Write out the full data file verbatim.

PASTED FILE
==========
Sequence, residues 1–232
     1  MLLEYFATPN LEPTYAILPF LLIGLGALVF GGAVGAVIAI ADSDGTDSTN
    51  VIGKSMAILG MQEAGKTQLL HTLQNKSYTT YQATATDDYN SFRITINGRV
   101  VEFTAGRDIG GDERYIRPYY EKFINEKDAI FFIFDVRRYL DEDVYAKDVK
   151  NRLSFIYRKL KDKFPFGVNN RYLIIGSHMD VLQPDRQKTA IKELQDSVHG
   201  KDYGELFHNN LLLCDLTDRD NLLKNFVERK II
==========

Sequence, residues 1–232
     1  MLLEYFATPN LEPTYAILPF LLIGLGALVF GGAVGAVIAI ADSDGTDSTN
    51  VIGKSMAILG MQEAGKTQLL HTLQNKSYTT YQATATDDYN SFRITINGRV
   101  VEFTAGRDIG GDERYIRPYY EKFINEKDAI FFIFDVRRYL DEDVYAKDVK
   151  NRLSFIYRKL KDKFPFGVNN RYLIIGSHMD VLQPDRQKTA IKELQDSVHG
   201  KDYGELFHNN LLLCDLTDRD NLLKNFVERK II